11 April 2021

Carmi wrote about his 28 year old Specialized Stumpjumper the other day, and it renewed in me the feeling of really missing my first "real" bike.

I mowed lawns all through 1974 and into 1975 to raise the money to buy a new bike; I'd had a purple banana seat bike (probably a Schwinn, but honestly I don't know) that I had coveted from 2nd grade on, but I didn't get it until 6th grade when I was really too old for it. That purple wonder was fun, but by the end of 7th grade it was mock-worthy and I took a lot of crap for riding a little kids' bike.

I began to covet something new, and all I wanted was a 10 speed. I knew there was no way in hell I would get it for my birthday or Christmas, so I asked if I could take over mowing the lawn. My parents had been paying the son of a family friend $4 a week to cut the grass, and were (surprisingly, to me, because that was "boys' work") agreeable to it.

So I cut the grass and was given $4 a week for it during months when it needed cut. By the end of 8th grade, I finally had enough to get the bike that I still desperately wanted, and in a stroke of luck the bike shop had it in a metallic blue that damn near made me squeal.

It was a 10 speed Schwinn Continental, very much like the one pictured, and I loved that damned bike. The color was perfect. The grip take had metallic flecks. It was so well balanced that even my 13 year old self could feel it I rode it everywhere until we moved from Texas to California, and once we were settled in a new house, I rode it as often as I could...which was not as often as I wanted, because school and real life gets in the way.

[It did prompt my dad to complain that I "never" rode it...I did. While he was at work. Somehow that didn't compute LOL]

When I decided to take history and English in summer school (for fun...yes, I was that kid) I rode it to school most of the time, though by then I had a driver's license and access to a car. There was something about being able to ride wherever I wanted, just for the joy of riding. For no reason or any reason; that bike was my first taste of teen-aged freedom and before I got my license, it was my way around.

I dragged it with me to Utah and BYU my junior year...where I sold it for $50 just before senior year.

Now, granted, at the time $50 was a decent chunk of change. And it was a matter of sell the bike or not eat for a few weeks, because money was super tight, but I have always regretted it.

I want that bike back.

Every now and then I surf through eBay, looking for one for sale from someone who will also ship it, but I haven't found one in good enough shape. But if I find it? Surprise, Spouse Thingy, I'm getting another bike.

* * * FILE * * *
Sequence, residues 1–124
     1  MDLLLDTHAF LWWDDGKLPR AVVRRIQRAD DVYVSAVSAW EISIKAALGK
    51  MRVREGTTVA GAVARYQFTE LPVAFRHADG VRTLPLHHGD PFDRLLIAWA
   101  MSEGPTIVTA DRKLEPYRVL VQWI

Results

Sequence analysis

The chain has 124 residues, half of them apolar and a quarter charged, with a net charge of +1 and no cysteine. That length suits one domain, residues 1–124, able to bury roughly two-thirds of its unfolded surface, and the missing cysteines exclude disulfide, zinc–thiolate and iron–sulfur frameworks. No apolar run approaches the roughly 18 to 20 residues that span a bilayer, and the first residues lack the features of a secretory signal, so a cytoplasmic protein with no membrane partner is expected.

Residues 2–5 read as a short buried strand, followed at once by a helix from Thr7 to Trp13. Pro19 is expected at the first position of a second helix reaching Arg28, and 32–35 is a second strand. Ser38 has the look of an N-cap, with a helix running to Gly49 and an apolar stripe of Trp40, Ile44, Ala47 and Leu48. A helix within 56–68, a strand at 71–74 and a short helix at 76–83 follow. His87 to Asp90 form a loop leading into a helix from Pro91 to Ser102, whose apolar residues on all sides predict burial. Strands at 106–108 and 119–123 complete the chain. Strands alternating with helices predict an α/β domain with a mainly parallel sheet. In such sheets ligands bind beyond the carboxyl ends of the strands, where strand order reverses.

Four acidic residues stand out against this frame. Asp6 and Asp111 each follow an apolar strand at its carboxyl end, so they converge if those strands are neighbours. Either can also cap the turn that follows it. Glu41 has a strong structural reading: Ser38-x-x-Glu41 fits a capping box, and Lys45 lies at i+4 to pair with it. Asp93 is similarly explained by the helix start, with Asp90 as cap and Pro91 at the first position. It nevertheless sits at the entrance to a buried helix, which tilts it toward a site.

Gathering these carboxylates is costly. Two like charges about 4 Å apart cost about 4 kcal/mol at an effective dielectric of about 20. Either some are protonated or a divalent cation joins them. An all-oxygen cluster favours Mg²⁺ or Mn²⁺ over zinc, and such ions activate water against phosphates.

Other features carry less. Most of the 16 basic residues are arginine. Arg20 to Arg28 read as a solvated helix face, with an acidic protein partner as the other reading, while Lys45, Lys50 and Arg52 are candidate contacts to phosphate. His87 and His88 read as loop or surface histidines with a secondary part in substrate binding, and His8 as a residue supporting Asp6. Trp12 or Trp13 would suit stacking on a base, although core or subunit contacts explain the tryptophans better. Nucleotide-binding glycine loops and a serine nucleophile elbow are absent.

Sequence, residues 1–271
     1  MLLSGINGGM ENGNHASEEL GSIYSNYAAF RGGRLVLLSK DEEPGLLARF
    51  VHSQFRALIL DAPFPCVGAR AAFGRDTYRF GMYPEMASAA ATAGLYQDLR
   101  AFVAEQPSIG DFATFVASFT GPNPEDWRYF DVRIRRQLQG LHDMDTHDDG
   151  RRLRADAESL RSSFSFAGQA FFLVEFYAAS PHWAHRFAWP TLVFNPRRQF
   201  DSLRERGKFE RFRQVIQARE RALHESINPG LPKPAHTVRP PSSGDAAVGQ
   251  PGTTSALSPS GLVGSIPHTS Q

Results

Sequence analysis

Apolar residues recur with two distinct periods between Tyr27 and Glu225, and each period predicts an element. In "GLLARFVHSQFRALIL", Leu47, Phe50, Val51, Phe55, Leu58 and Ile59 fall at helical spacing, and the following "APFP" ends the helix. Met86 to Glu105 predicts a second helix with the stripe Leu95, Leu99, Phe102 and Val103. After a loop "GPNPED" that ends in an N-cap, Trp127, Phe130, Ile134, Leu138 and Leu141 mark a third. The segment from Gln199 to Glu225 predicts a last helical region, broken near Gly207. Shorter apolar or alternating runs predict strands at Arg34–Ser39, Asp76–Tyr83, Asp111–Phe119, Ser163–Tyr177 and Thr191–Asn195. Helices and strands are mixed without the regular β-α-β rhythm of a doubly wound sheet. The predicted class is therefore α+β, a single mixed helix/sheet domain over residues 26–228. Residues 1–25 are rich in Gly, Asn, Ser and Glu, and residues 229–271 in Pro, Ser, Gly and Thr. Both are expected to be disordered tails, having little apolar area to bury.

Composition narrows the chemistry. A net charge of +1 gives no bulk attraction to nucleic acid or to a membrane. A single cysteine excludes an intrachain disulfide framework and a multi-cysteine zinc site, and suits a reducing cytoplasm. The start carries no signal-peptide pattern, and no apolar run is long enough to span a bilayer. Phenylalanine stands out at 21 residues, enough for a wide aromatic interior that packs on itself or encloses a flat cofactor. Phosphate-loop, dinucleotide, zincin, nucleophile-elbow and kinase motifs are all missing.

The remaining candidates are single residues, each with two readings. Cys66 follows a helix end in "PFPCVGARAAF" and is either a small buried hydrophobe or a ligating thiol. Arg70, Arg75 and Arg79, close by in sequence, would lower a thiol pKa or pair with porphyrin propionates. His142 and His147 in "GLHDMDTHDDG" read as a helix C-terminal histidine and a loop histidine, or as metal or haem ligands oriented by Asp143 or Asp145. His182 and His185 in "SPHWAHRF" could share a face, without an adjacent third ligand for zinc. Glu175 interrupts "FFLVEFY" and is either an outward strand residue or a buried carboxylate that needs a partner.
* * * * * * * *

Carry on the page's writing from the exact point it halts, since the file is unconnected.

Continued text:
I mentioned it to a friend online last night, and her reaction was puzzled. Like, isn't cycling a new relatively new thing for you?

Not really.

I mean, it's fun to hear all the newby-advice and get those teachable moments, and no one needs to be stopped so I can say "Yeah, I started riding pretty young" because 1) new bike tech is new to me, and 2) cycling now means something different than it did then, and the terminology is different than it was 40+ years ago. I did take several years off more than once and in between the Continental and more recent acquisitions, I had a lot of really crappy stuff barely worthy of being called a bike. But I did ride.

I stopped what, 8 years ago for a bit after passing out on a ride. But then came the screaming pink electric that gave me the confidence to give it another real go...and here we are, just a little obsessed (and right now angry with myself for taking a break just long enough that I am out of shape again.)

I'll probably never find that Continental again, and that's all right. I remember how it made me feel. And I have a bike on order that's coming hopefully sooner rather than later, that shows promise in being today's version of that Schwinn, with that feeling of freedom that comes when zooming down the road. It's not top of the line, but it's all I need and all I really want.*

Now all I need is to win the lottery so we can move somewhere close to safe, accessible bike paths. Because drivers? They suck, and I hate sharing the road.

*Oddly, no, I don't want a carbon bike. In fact, I ordered a bike a couple months ago because it was available before this one is supposed to arrive and it was at a great price, but realized after I placed the order that it was a carbon frame. It went back the same day it arrived, box unopened.


Victor Tabbycat said...

I totally get it. I got a Nishiki 5-speed when I was 12 or 13 and took it to college. I gave it to Goodwill in Goleta before moving across the country in 1992. I got a new bike with 21 speeds at Madison's Bikorama sometime in the late 90s, and I've never been as happy with it. Was it a great bike? I don't know, but it was my bike, familiar and comfortable.

Hnossa said...

I had a Schwinn 10 speed too. I loved that bike and road it everywhere. Got forced off the road onto gravel once. The nurse gave me a biking lecture while she picked the imbedded gravel from my knees. Still loved the bike.

I ended up giving it to my niece, who sold it. I still think of that Schwinn sometimes. But my Masi Strada is a really pretty ride.

messymimi said...

There's no feeling so free as getting to ride wherever you need to go.